In the world of Long Island high school swimming, Charlie Schlegel was a legend and an innovator, and his teams were almost impossible to beat. As the head boys coach at Plainview-Old Bethpage High School for 25 years, Schlegel amassed a record of 395-28, won 23 league championships, 21 Nassau County titles and an Eastern Interscholastic Championship in 1971.
At a time when high school swimming on Long Island was in its infancy, Schlegel built a dynasty.
“Plainview was the mecca for competitive swimming,” said Thomas Liotti, 72, of Carle Place, who swam for Schlegel from 1963 to 1965. " . . . He gave everybody an opportunity that they might not have otherwise had. New York was not noted at the time for competitive swimming. Charlie replicated what was happening in California [where high school swimming was much larger].”
Schlegel, who was both a high school and youth coach and swam competitively in masters events into his 80s, died of multiple health complications June 30 at Halifax Hospice in Daytona Beach, Florida, his family said. He was 89.
Schlegel, who also lived in Plainview, oversaw 15 undefeated seasons and had an 88-meet undefeated streak that spanned eight seasons, Liotti said. He also coached the girls team, his son Randy, 67, of North Carolina said.
“He was very proud of [his success],” Randy said. “But he didn’t bring it up and put it in people’s faces . . . He was more proud of the fact that most of the people that came through his program did well. They went to college, got a job and had a career. It didn’t have to be a doctor or a lawyer, it could have been, 'This guy’s a policeman. He has a great job.' "
Born Feb. 8, 1930, in Brooklyn, Schlegel grew up in Brooklyn and Queens. He swam at Grover Cleveland High School in Queens before attending Ohio State University. After leaving Ohio State, he joined the army and served in Eastern Germany as an army Ranger during the Korean War.
While in the army, Schlegel continued to swim. His times caught the attention of his superiors, who encouraged him to go back to Queens and compete in the 1952 Olympic Trials. He agreed, but difficulty with travel arrangements got him back to New York one day late and he never swam in the trials, Randy said.
Schlegel received a teaching certificate from Long Island University and a master's degree in education from Hofstra, Randy said. He first worked as a physical education teacher and track coach at Glen Cove High School and then as a physical education teacher, track coach and assistant swim coach at Uniondale High School, Randy said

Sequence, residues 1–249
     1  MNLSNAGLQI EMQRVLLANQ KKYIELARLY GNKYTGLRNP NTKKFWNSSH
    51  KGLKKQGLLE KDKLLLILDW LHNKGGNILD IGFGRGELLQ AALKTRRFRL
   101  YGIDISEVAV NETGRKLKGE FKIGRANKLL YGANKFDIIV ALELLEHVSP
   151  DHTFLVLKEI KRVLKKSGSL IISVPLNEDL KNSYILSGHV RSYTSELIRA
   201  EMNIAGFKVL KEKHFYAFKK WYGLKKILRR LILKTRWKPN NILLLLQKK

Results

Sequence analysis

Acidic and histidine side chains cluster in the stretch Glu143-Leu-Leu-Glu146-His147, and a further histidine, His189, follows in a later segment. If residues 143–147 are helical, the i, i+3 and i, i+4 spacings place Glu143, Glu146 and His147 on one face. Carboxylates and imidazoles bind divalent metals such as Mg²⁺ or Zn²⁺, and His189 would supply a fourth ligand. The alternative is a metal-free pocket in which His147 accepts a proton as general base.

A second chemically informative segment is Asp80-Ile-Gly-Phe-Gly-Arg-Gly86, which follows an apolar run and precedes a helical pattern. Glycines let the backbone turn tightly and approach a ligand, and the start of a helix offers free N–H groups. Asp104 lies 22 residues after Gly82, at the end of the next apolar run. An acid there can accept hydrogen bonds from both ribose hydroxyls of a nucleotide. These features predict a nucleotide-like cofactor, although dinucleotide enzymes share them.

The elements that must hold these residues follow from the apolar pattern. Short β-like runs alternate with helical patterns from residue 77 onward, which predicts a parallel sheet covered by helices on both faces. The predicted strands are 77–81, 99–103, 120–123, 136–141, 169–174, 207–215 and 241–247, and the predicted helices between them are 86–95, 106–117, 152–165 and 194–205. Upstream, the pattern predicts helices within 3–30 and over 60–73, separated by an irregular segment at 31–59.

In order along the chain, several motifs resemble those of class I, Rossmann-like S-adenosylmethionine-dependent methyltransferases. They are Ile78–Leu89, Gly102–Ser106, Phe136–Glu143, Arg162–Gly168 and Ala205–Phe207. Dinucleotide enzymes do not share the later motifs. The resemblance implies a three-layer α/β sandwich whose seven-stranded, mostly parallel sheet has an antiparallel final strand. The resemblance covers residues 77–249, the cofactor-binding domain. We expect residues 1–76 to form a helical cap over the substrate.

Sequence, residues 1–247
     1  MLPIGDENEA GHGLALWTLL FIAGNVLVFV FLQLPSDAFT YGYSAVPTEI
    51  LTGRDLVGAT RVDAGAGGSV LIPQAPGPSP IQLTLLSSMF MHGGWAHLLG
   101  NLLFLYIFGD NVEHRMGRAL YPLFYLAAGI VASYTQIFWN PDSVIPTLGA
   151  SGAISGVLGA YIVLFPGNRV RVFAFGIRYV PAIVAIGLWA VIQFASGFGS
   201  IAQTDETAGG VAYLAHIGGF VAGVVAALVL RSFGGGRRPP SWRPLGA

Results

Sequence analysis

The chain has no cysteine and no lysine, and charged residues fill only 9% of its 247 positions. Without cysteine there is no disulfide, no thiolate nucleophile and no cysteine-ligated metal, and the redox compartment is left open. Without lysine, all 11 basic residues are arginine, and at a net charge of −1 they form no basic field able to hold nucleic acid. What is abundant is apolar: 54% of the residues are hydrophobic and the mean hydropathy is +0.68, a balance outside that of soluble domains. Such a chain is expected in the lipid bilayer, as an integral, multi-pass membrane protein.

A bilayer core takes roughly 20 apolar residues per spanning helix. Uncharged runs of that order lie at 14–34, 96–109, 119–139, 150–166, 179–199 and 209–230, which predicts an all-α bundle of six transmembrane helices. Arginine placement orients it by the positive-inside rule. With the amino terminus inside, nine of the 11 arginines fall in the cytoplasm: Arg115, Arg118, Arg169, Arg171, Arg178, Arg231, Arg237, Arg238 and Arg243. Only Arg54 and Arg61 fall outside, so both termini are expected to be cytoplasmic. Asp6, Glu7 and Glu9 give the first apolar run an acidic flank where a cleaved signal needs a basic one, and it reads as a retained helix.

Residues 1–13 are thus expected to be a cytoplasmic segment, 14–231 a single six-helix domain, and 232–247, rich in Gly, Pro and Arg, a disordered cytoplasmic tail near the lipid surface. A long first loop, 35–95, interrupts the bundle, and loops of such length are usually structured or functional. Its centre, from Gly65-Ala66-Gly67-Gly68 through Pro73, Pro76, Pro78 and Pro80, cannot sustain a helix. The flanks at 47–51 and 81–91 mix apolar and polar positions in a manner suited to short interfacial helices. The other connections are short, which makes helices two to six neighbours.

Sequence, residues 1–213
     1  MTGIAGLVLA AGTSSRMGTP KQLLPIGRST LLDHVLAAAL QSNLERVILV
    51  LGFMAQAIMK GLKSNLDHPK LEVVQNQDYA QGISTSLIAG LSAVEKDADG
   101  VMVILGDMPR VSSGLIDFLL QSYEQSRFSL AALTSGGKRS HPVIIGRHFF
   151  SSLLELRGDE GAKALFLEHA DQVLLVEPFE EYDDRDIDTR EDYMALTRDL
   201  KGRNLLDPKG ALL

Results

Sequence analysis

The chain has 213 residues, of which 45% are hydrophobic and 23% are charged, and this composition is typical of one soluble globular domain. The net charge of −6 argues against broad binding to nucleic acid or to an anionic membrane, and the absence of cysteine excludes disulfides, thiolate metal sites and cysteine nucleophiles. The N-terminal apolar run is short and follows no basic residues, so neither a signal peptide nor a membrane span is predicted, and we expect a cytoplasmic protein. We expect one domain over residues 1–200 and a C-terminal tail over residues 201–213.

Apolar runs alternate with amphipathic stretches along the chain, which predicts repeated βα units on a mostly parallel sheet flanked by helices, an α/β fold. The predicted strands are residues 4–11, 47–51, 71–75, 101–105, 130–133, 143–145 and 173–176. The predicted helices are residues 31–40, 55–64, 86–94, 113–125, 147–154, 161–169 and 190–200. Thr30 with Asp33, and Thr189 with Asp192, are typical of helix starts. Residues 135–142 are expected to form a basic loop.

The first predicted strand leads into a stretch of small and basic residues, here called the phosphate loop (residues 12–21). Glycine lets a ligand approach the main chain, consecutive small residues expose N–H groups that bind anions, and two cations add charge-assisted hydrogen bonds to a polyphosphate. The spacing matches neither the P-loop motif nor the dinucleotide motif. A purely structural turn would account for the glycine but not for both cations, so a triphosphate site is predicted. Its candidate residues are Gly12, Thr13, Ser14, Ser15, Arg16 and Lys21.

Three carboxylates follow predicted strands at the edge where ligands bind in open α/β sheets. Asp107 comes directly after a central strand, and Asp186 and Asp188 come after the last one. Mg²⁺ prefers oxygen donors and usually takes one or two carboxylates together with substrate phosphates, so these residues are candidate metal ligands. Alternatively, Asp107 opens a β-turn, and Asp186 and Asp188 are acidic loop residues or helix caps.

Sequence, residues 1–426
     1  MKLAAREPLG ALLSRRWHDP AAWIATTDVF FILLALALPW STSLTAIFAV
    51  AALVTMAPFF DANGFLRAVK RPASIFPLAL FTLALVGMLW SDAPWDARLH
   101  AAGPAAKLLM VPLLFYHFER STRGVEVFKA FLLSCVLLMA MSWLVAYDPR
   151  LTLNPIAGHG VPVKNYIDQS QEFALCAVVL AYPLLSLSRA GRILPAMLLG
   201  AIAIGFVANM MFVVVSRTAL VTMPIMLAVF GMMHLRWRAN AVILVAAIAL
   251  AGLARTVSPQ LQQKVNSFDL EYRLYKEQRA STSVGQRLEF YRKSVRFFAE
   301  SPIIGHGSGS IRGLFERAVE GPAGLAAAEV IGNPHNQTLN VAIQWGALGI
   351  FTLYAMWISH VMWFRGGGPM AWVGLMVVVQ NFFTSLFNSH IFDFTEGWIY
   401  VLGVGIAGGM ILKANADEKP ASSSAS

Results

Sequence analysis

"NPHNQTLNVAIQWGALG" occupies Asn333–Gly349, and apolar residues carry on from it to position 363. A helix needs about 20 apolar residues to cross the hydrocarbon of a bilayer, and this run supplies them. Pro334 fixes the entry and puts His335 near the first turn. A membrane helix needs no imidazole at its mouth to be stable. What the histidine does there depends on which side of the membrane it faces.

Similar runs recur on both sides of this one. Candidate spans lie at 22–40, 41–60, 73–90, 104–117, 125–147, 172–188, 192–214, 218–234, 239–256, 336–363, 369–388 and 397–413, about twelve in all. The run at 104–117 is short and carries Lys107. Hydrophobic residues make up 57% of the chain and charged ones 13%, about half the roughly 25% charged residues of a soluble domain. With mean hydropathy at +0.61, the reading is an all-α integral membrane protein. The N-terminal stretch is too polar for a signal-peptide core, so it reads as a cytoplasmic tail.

Following his stint at Uniondale, Randy said his father was hired at Plainview-Old Bethpage High School and assisted in planning the building of the school's new pool.
“On Long Island, at that time, there were very few high schools with pools,” said Dr. Bob Kahl, 69, of Florida, who swam for Schlegel on both youth and high school teams. “Swimming was fairly prominent in New Jersey, New York City and upstate New York, but very little on Long Island. He just brought a bunch of expertise and people got really good.”
Schlegel developed that expertise, in part, by reading many books about the California high school swimming scene and adopting some West Coast training techniques.
“He was way ahead of his time,” Liotti said. “He had tremendous energy and really outworked everybody. He had a sense for greatness and excellence. He really inspired our team to be excellent.”
Schlegel, who Randy said also served as an assistant principal and assistant athletic director at Plainview-Old Bethpage, retired in 1985. He ran the aquatics program at C.W. Post University in Old Brookville and opened Quail Run Deli in Deer Park with his late sons, Christian and Bruce, Randy said. He moved to Florida in 1988, where he swam, gardened and helped coach the swim team at three local high schools.
He is survived by his wife of 68 years, Alma, son Randy, and stepbrother Robert Leupold of Florida. He’s predeceased by sons Christian and Bruce. Schlegel was cremated, his family said.